Angela Underwood Jacobs, former Lancaster city councilwoman and 25th Congressional District candidate, rebuked demands to defund police and urged Congress on Wednesday to focus on other areas facing racial inequality after her brother, a federal law enforcement officer, was killed during a protest in Oakland.
“America is in pain, and she is crying. Can you hear her? I am here to seek justice through the chaos for my brother Patrick, for George Floyd, for citizens of all colors, for communities across America and for the police officers that protect those communities and their citizens every day. Actions of a few are dividing us as a nation,” she said Wednesday before the House Judiciary Committee during its police brutality and social injustice hearing.
Federal Protective Service Officer Patrick Underwood, 53, was stationed at a U.S. Courthouse in Oakland near a protest that turned violent. He was shot and killed May 29 during a drive-by, which also injured another federal law enforcement officer.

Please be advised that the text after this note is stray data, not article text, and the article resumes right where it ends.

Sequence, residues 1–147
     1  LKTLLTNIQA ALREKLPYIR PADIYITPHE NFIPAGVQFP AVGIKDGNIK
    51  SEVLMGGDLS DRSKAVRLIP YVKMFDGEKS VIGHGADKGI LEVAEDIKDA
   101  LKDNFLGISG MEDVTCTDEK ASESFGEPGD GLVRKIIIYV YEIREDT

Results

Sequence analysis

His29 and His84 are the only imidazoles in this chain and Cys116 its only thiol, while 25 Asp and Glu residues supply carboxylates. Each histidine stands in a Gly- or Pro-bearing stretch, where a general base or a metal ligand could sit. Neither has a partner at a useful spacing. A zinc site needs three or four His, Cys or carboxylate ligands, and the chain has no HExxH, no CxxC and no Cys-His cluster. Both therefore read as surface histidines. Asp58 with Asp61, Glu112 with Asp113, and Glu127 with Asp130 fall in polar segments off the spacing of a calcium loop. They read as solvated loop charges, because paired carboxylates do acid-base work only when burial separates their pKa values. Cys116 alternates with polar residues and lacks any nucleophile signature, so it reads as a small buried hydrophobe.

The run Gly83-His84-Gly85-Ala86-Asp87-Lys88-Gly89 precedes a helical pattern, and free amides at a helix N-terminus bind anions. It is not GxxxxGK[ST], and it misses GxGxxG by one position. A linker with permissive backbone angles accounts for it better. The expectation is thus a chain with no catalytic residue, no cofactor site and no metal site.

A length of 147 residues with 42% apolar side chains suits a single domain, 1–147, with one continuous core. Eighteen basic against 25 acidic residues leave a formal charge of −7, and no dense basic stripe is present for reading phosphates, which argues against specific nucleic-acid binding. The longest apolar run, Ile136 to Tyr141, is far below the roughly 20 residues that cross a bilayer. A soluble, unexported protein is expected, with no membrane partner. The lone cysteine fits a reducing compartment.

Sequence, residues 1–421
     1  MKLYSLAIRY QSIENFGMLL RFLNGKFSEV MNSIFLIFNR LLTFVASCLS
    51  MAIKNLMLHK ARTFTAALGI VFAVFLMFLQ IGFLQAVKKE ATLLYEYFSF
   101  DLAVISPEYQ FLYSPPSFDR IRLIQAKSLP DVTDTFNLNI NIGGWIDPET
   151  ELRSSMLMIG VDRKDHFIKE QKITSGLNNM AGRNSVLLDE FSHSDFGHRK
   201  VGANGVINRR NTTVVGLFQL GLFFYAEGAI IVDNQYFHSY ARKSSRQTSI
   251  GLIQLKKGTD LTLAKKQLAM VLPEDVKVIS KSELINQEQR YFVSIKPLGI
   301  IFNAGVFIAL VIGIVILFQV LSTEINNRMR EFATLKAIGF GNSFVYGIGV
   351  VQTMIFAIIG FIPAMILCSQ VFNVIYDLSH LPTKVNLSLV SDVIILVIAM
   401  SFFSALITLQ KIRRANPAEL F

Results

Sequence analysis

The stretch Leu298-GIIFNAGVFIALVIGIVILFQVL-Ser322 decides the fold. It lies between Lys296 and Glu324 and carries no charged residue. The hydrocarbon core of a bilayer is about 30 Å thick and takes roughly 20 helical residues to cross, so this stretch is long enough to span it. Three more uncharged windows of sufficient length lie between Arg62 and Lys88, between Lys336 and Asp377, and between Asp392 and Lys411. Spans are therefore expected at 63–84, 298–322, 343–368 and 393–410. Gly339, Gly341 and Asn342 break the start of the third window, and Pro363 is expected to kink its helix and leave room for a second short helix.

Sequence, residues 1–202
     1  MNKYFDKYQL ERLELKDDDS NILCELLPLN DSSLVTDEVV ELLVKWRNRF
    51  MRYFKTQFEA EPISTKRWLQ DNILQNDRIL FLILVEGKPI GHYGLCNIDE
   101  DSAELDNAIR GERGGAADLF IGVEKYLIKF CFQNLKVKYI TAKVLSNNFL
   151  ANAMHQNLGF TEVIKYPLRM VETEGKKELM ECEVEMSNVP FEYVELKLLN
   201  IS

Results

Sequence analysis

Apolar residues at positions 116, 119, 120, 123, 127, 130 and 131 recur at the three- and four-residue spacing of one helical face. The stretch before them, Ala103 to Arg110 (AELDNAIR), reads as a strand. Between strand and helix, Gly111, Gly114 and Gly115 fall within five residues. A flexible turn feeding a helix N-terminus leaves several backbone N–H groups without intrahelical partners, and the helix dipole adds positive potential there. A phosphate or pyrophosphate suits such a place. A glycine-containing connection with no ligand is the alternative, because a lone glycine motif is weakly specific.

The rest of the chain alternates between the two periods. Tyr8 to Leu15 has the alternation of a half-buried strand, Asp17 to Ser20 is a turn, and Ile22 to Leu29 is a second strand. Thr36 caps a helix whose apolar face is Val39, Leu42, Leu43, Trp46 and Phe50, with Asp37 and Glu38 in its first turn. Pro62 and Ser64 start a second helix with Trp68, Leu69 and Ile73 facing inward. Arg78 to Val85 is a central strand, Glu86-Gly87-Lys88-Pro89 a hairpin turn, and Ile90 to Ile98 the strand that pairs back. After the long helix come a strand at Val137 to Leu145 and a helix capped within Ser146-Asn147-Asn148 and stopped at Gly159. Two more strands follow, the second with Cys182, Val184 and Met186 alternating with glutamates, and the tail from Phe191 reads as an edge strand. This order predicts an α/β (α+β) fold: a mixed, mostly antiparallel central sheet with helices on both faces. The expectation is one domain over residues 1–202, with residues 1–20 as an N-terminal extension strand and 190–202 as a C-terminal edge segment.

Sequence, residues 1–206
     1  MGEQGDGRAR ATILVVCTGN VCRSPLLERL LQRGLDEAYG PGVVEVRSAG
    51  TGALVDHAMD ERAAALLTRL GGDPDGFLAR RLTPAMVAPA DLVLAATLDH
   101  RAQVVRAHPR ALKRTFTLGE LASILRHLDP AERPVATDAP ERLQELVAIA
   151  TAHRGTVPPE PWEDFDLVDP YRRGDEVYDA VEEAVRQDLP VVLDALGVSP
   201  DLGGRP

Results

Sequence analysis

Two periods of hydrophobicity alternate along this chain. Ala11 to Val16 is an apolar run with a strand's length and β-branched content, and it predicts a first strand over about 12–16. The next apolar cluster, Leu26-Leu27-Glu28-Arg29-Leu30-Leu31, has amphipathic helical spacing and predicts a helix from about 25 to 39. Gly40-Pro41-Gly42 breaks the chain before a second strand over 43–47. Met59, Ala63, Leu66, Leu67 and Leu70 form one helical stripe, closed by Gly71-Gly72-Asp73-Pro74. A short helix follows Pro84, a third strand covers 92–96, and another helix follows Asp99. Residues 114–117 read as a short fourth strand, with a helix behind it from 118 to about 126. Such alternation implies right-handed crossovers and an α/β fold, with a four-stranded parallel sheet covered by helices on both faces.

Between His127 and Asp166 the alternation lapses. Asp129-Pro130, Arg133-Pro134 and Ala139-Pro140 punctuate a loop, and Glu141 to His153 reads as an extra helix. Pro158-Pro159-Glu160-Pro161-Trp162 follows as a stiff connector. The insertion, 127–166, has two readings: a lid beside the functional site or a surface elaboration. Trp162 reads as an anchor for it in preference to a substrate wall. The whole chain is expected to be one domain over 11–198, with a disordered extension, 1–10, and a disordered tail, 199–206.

Underwood Jacobs said her brother was “murdered anonymously by blind violence,” and which the Department of Homeland Security labeled an act of “domestic terrorism.”
While she said police brutality of any kind “must not be condoned,” Underwood Jacobs said looting and rioting must not also be accepted and called defunding police “ridiculous.”
“It is a ridiculous solution to proclaim that defunding police departments is a solution to police brutality and discrimination. It gets us nowhere as a nation and removes the safety net of protection that every citizen deserves from their communities’ elected officials,” she said.
Instead, she urged lawmakers to look into other areas such as education, jobs and housing.
“The solution to our nation’s ills are straightforward: education. We need to actually invest in education, again, and make it our nation’s top priority. Through education comes knowledge, through knowledge comes understanding, and through understanding comes opportunity and freedom,” she said.
In 2015, Underwood Jacobs joined Lancaster’s City Council as that city’s first black councilwoman and launched her campaign for the 25th Congressional District, which includes the Antelope, Santa Clarita and Simi valleys, earlier last year, before stepping out of the race in November ahead of the March primary.
She remembered her brother as someone with an infectious laugh and a family man. The family has set up a GoFundMe account to cover Underwood’s funeral and memorial services. The account can be found by searching “Designated Support for Patrick Underwood’s family.”